Across Canada, a renewed interest in urbanity is leading to density increases unheard of in more than a generation. As Corporate Knights writes, not all density is equal however. As the country works to reduce its carbon footprint, accommodate new residents and improve the cost efficiency of its infrastructure, creating “density done well” is essential. Smart policy and strategic planning coupled with an eye for the human scale will be imperative to successful density in Canada.
Cities and buildings are made for people and by people. Architects’ interpretation of the human body transfers into their architectural designs. Le Corbusier‘s tall and muscular person created utopian city sketches with large geometrical buildings. Similarly, Theo van Doesburg’s stacked up person looks exactly like many of his products. The way we perceive our surroundings influences how and who we shape them for. How would you, or your favourite architect draw the most vital of forms?
In the 50 years since the release of The Death and Life of Great American Cities, Jane Jacobs‘ work has been celebrated and critiqued in a diversity of ways. Best known for exuding the benefits of walkable, human-scale neighbourhoods, her introduction of the “web way of thinking” to urbanism is an under-appreciated contribution. Planetizen emphasizes this in a list of Jane Jacobs’ 10 most important (and misunderstood) lessons. City-making professions are taking steps towards holistic perspectives and diminished silos, but a half-century on, Jane’s work still has many lessons to offer.
Re-thinking human relationships with water is critical for climate change adaptation. Waterfront cities have undertaken a range of initiatives to address sea-level rise and future water deficiency. Shaped like an upside-down umbrella, Tåsinge Plads, a public space in Copenhagen, uses clever landscaping and materials to both manage flood control and increase quality of life. The collaborative designs overcame restraints of traditional engieneering solutions. Would you agree that today’s complicated issues are better served by creative multidisciplinary approaches?
It’s been more than two decades since Sim City was first released. During the interim, city-making games have become more popular and nuanced, reflecting a growing public interest in urbanism. More than just fun, these games can teach planners valuable lessons about how we plan and how we envision the idealized city. Games can also be used as valuable engagement tools and to re-imagine the places we call home. Could the games of today lead to the self-building cities of tomorrow?
Many cities take great energy and pride in the factors that make them unique. In an era of rapid urbanization, particularly in developing regions like sub-Saharan Africa, India and China, is city-making losing touch with context? The Guardian Cities tackles this in an illuminating article on new cities and the challenges of accommodating population growth. With developers, architects and designers regularly jumping from projects on one continent to another, and with local decision-makers seeking to showcase smartness or modernity of their city, is this turn inevitable? Or is their a more suitable approach?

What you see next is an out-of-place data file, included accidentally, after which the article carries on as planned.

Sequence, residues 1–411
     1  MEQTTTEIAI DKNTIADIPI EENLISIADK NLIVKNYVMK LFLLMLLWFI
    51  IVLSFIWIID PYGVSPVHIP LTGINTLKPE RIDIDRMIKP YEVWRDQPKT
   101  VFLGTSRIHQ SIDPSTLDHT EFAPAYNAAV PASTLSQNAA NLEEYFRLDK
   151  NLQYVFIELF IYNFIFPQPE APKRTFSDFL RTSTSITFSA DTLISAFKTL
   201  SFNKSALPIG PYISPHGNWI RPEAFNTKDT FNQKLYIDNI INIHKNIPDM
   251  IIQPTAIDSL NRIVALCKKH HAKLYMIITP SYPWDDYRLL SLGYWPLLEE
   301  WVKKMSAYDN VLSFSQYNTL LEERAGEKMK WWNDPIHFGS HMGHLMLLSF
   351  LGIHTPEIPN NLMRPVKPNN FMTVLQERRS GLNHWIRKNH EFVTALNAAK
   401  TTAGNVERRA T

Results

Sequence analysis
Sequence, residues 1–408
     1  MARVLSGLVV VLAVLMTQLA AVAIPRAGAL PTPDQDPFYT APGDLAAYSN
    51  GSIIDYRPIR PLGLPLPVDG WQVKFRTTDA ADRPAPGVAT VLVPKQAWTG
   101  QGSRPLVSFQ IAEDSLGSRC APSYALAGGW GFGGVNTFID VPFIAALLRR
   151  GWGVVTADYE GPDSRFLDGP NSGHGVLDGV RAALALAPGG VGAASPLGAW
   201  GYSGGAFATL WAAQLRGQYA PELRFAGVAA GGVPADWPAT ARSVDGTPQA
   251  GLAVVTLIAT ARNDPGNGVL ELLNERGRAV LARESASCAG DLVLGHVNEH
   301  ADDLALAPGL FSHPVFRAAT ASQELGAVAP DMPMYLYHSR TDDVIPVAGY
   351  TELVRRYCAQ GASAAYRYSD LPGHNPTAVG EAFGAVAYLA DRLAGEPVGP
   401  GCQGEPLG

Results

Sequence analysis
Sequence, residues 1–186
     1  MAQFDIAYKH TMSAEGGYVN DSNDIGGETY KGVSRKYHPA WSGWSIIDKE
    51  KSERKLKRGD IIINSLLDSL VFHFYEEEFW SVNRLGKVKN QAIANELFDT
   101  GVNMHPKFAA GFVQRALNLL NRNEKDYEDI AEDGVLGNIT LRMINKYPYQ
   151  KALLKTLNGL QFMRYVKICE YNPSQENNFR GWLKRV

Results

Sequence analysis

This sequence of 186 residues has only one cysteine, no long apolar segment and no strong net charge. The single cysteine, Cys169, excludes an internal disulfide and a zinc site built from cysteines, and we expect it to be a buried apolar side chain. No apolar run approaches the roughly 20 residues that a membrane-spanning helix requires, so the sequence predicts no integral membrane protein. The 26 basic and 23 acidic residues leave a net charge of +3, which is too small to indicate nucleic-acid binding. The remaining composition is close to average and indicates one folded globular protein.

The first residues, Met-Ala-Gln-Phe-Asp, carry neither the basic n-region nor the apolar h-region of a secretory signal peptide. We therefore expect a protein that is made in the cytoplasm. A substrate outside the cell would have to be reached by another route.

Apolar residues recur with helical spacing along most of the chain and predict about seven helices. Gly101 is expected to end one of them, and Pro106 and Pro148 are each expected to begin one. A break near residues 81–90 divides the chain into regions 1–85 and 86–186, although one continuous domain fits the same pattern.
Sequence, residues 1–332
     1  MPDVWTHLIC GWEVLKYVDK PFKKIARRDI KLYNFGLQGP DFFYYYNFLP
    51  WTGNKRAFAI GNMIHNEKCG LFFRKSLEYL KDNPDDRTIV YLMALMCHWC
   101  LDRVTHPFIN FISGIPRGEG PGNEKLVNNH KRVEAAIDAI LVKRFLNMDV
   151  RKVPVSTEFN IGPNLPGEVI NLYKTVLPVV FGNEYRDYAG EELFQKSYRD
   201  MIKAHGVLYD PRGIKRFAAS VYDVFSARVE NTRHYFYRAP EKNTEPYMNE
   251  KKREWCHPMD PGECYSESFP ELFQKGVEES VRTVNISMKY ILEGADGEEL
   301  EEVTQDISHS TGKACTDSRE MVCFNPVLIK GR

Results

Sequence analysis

To wrap up 2015, Planetizen presented it’s annual list of top planning trends. The list is a mix of frequently contradicting technical and societal trends. They include the antithetical phenomena of non-peak driving and vision zero, as well as broader societal trends, like urbanism’s rise in pop culture, countered by its omission as an issue in US presidential debates. Equally interesting, this years list was largely based on the personal selection of trends, rather than aggregated data, as in 2014. A trend towards a re-balancing of qualitative and quantitative analysis in urbanism?
Powered by demographic shifts coupled with a renewed interest in urban amenities, as well as transit, walking and biking, downtown cores have seen a major resurgence in recent years. And companies are taking notice. Through this shift, cities have learned many lessons. Now, Smart Growth America has distilled them into seven steps for downtown redevelopment. The full report, a valuable resource for cities, planners and councils looking to catch up, is available here.
Social events abound during the holidays, but they also afford the chance to catch up with a good book. With so many good citymaking books out there, how can you choose the right one? Thankfully, Vancouver’s former Chief Planner, Brent Toderian, has compiled a list of his 100 favourite citymaking books. Compare notes and join the conversation!
While the holiday season is now in full swing, many citymakers are working furiously to finish projects by years-end. This can contribute to the stress of finding the perfect gifts for children. Thankfully, the jolly elves at Planetizen have a compiled a list of the perfect gifts for young citymakers. One less thing to worry about over the holidays!